[1] Note that Jane is a fictitious character. I assume that the conflict can be resolved by the people involved unlike severe transgressions, such as violence or sexual harassment. If you are in doubt, talk to your line manager and involve human resources.

[2] Tuckman’s team building model, for example, suggests that people have to learn to handle conflicts to work together productively.

[3] This quote is often attributed to the Buddha, but it may actually be from Buddhaghosa.

Post a Comment or Ask a Question


  • Barak Hazan says:

    I have few questions about this issue:

    1. If I have a stakeholder that I need to understand from him some business issue and I don’t succeed to understand anything from what he says, how can I deal with that issue?
    2. How can I handle with stress people, or peoples who think that they know everything, never mind what I say they will disagree with me?

    • Roman Pichler Roman Pichler says:

      Hi Barak,

      Thanks for sharing your questions. Regarding the your issue, I recommend attentively listening to the individual whilst being non-judgemental and keeping an open mind, and using clarifying questions to check that you have correctly understood what the person has told you, as I discuss in more detail in the article “Listening Practices for Product People“. This assumes, however, that you have enough knowledge of the subject matter so you can take in the information the stakeholder shares.

      When dealing with opinionated people who like to disagree, I like to suggest involving them in the decision-making process whilst at the same time, asking them to be collaborative and adhere to agreed ground rules. You can learn more about collaborative decisions in my book How to Lead in Product Management and my article “Use Decision Rules-to Make Better Product Decisions“.

      Hope this helps!

  • Connie says:

    Hello! I stumbled over your article just when I was struggling with a very “special” stakeholder. He has always been grumpy, always challenging the team’s decisions, his favorite sentence is “it can’t be that hard”.
    Now he has started acting outright insulting, openly doubting my team’s competence as well as my own.
    I took your advice to ask why he was so unhappy and found out that he was having problems with other projects that he was projecting on us. However, thinking of something kind he has done was a difficult task – I have honestly never seen anything particularly kind from his side. So I did some exercise where I imagined him going to the fun fair with his grandchildren (that I’m not even sure he has but that’s not important here). It helped me a lot.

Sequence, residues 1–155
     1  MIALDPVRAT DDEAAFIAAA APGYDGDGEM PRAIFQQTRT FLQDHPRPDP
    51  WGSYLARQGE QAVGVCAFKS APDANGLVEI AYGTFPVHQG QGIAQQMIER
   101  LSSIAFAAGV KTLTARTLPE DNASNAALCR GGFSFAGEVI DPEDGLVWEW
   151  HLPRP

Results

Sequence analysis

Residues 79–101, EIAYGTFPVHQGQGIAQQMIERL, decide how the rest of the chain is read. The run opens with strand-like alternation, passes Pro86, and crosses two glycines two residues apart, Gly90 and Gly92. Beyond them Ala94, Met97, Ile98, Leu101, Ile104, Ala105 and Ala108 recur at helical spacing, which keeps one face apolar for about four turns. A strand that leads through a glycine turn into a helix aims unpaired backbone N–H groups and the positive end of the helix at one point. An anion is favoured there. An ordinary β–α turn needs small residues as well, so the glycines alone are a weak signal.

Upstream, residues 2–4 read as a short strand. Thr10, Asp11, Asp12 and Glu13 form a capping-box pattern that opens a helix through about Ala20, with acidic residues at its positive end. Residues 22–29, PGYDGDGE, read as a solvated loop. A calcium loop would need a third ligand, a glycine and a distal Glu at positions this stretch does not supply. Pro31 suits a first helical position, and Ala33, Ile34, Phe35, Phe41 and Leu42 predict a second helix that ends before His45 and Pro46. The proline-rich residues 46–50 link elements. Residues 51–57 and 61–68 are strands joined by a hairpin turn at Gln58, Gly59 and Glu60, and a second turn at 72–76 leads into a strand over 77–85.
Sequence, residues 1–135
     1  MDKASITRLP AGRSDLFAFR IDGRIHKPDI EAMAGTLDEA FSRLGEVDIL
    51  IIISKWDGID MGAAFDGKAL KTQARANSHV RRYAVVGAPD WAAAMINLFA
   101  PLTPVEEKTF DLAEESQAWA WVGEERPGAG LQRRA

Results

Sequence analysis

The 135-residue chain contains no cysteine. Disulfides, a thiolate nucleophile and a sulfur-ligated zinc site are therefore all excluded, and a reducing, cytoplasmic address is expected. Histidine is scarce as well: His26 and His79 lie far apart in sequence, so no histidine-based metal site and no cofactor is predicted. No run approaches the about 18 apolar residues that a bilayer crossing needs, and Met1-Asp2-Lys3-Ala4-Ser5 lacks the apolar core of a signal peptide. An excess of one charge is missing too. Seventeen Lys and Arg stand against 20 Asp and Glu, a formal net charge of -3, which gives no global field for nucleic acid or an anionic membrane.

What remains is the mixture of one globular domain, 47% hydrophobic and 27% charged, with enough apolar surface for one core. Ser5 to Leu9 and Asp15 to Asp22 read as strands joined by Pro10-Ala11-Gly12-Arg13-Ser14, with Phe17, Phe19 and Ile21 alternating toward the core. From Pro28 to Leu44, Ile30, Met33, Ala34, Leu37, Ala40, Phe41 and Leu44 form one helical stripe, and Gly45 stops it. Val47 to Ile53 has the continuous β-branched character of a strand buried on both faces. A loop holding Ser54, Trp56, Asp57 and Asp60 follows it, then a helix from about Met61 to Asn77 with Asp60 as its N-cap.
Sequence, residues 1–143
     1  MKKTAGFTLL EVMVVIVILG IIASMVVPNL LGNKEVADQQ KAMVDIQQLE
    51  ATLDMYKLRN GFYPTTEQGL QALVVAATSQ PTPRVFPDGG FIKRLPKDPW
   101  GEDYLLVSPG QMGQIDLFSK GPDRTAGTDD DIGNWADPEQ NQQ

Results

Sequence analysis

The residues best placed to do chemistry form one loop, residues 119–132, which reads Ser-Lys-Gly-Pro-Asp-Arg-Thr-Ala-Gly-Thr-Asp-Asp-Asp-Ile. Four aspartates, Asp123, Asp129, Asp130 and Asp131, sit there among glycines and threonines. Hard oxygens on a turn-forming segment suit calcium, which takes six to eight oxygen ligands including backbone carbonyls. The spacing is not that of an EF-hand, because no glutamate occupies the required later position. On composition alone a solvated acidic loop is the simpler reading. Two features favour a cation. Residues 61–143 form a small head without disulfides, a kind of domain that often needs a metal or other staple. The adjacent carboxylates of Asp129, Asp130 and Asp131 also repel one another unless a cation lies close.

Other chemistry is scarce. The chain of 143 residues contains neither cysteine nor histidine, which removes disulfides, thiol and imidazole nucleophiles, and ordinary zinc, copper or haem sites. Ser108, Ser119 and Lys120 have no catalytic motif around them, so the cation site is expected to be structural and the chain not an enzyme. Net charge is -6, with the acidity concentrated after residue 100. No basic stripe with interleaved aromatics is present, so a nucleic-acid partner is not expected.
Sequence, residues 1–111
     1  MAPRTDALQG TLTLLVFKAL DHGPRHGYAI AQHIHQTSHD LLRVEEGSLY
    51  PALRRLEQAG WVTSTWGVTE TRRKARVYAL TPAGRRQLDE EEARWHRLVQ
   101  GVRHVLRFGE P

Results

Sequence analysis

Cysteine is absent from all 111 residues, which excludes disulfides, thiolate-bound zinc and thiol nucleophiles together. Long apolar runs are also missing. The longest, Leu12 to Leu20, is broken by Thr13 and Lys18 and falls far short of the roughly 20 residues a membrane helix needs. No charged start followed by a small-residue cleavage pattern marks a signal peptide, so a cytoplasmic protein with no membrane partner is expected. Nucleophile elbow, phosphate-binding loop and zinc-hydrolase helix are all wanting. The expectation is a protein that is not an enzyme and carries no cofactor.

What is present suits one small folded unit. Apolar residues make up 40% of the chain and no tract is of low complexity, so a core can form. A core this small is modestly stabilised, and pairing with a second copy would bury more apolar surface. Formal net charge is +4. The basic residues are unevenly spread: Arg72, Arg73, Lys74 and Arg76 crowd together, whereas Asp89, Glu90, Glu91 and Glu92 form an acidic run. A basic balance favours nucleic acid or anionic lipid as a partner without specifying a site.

Just thought I’d leave this here. 🙂

    • Roman Pichler Roman Pichler says:

      Hi Connie, Lovely story–thank you for sharing. Great to hear that thinking or at least imaging a positive trait of the difficult person has helped you. All the best!

  • YnnoN KuhC says:

    Hello Roman – Just like Idu, I have a situation where the SM basically wants to ‘run the show’. I am the PO and he attempts to bully me at every chance he gets. He feels like I owe him explanations to every single decision I make. He undercuts my decisions and run off with his own ideas to the dev team for them to implement his own solutions before I even am aware of it. He feels because he is senior to me within the company that he knows better. I confronted him about this several times and his response was that as a PO, I shouldn’t be making any decisions. He feels the Business stakeholders should be the ones making the decision (isn’t that really funny?). I am really trying to find a way to work with him but he constantly undercuts me at every chance he gets. He was kicked out of the Scrum team because of this attitude initially, but that meant I had to do the job of PO and SM. It wasn’t really helpful to me, so I brought him back to the team and made it clear to him that his job is to be SM only, nothing more nothing less… Well that didn’t take long, he is back to his old ways. His recent excuse is that ‘Oh it takes a village and we are all helping one another’